Answers to yesterday’s You Are The Ref

Yesterday we posted another installment of The Guardian UK’s You are the Ref cartoon. The answers to the puzzlers are below:

1) Organise medical help – then deal with what happened. The simple facts are these: you didn’t see the incident and you’re not allowed to use TV evidence during a match. So advise both clubs that you will be reporting the incident to the authorities and make sure that the video evidence is retained. If the injured sub cannot continue, he cannot be replaced on the bench by another squad member as the game is under way.

2) Again, get medical help for the defender, then show him a red card for denying an obvious goal-scoring opportunity. The defender’s action was deliberate; the striker accidentally caused the injury. Restart with a direct free-kick to the attacking side, or a penalty if the incident took place inside the area.

3) It’s poor refereeing – you should have stopped play and ordered a retake when the wall encroached. As it is, you’ve now no choice but to rule the attacker offside. When he received the ball in that position he was gaining an advantage, so has to be penalised. It’s tough on him, and reflects badly on you, but you have to restart with an indirect free-kick to the defence.

You Are The Ref (for the weekend)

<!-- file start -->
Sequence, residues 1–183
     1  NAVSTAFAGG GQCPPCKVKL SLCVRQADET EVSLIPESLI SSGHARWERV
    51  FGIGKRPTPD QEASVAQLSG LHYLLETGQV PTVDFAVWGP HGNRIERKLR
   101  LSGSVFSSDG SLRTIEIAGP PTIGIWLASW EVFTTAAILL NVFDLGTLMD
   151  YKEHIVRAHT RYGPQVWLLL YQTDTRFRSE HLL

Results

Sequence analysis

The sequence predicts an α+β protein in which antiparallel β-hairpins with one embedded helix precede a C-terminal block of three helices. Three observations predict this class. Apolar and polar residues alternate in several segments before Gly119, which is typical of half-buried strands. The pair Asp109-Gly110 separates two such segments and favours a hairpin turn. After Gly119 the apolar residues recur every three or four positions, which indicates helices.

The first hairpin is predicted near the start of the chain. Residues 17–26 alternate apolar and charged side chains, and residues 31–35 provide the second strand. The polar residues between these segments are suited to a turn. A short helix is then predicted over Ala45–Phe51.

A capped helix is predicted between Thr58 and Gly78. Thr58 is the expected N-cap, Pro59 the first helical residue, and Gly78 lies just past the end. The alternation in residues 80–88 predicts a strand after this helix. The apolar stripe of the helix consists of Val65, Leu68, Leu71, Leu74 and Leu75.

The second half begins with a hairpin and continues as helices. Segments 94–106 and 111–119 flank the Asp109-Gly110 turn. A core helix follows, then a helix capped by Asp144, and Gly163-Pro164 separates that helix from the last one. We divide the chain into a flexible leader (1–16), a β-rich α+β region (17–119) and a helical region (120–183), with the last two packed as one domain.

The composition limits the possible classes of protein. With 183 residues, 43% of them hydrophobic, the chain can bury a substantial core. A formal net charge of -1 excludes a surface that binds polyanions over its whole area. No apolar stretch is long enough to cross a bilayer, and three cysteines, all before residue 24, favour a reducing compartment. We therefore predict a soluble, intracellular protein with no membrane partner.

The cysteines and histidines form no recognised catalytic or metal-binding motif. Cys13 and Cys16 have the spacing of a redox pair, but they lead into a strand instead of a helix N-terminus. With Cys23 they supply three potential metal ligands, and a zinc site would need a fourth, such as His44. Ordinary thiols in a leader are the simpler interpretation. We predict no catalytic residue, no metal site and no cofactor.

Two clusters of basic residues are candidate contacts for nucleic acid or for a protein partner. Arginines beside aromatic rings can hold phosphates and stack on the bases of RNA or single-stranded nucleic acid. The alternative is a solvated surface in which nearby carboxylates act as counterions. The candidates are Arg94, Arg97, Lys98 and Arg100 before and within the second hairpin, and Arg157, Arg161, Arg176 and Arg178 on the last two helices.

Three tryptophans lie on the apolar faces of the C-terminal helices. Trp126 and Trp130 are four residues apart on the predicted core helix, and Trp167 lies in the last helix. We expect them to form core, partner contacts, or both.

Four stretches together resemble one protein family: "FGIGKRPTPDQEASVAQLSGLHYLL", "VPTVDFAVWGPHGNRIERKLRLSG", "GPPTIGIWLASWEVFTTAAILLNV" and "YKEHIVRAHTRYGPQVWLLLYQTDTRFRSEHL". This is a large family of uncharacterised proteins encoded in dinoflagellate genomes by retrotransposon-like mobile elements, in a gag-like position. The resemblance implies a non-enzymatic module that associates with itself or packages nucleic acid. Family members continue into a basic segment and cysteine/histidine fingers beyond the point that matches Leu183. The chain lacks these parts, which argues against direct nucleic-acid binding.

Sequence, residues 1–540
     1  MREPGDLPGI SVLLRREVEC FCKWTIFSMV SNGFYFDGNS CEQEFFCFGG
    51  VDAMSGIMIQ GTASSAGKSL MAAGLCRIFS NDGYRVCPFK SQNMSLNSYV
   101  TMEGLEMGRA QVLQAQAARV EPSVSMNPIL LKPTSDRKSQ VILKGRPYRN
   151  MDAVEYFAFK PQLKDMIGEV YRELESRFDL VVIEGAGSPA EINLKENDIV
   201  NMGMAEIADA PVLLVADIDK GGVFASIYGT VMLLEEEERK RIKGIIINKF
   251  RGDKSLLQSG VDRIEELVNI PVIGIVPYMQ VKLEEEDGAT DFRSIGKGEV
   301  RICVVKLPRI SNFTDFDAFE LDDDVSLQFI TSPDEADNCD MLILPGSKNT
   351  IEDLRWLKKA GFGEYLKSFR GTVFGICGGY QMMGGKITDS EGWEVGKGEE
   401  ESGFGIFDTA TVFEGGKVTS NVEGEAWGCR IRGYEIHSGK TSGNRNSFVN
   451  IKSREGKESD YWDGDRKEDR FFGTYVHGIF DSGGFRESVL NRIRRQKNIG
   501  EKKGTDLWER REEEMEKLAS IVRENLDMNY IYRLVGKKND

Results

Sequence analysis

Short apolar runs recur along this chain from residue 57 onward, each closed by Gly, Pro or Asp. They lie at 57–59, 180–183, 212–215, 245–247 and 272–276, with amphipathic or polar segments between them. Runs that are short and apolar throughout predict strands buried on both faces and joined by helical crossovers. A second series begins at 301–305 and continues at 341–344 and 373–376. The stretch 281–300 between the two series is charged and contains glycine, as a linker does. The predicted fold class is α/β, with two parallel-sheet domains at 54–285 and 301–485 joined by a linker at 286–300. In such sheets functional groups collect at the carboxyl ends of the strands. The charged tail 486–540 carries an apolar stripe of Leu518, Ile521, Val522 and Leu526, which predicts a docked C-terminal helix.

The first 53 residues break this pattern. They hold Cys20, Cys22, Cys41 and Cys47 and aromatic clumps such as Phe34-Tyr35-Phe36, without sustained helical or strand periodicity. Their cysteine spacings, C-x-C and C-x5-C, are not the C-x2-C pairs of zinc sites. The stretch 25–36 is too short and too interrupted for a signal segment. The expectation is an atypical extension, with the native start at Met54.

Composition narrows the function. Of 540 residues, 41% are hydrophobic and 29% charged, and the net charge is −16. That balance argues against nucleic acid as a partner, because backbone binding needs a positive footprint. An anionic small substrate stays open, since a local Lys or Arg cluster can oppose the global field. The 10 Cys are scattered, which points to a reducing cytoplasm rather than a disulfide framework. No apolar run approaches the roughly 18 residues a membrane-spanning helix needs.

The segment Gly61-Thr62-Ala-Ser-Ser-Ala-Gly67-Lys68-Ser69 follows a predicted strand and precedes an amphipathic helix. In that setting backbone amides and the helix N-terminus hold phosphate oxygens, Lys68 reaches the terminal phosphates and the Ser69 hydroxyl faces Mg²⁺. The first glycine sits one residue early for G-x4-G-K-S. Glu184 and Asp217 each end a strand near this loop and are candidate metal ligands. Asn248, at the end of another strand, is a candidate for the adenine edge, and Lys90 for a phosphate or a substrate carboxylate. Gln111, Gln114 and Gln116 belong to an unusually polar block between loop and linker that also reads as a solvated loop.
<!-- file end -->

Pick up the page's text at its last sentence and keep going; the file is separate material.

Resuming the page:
To kick off your weekend (no pun intended) we bring you an installment of The Guardian UK’s You are the Ref. See if you can figure out how to respond in these stick situations. Answers tomorrow!


Walking one mile a day leads to an A

This is according to a new study done by The Guardian UK, and brought to us by our partners, PHIT It turns out that even just a little physical exercise each day leads to better concentration by students in school and better grades.

Answers to yesterday’s puzzler

Below are the answers to yesterday’s You Are the Ref, courtesy of The Guardian UK.

1) At the risk of making yourself look daft, you really have to intervene here. At the next stoppage, ask the bear to remove his head so you can see who is inside. If it is the banned manager, order him to leave the stadium and report what has happened to the authorities. If not, instruct the mascot to cool down, and stay away from the pitch perimeter.
2) It depends how he has dropped on the ball. If he has used his hands, penalise him for handling the back-pass by awarding an indirect free-kick – it doesn’t matter that he went on a dribble first. But if he has just used his body to drop on the ball and shield it from an opponent, you need to see what happens next. If he gets up and clears the ball without handling it, and without the opponent challenging him, play on. But if an opponent tries kicking the ball from under him, you have to stop the game. In that situation, the keeper has created a dangerous situation (a danger to himself), so penalise him for dangerous play – again with an indirect free-kick.
3) Reader John Thornhill says this happened in a game he was refereeing, and he responded by stopping play and ordering a retaken corner. He says the defending side were furious – but he was right. The flag post needs to be in the correct position when the ball is kicked. This is one of those unusual situations which show how you need a good knowledge of the laws, and the ability to think on your feet.

Friday fun: You Are the Ref

We love to bring you these occasionally and today’s is a good one. Take a look at the cult classic cartoon which was started in 1957 by Paul Trevillion and is now published in the UK’s Guardian under the supervision of Keith Hackett. We’ll have Keith’s answers for  you tomorrow.

You are the Ref Steph Houghton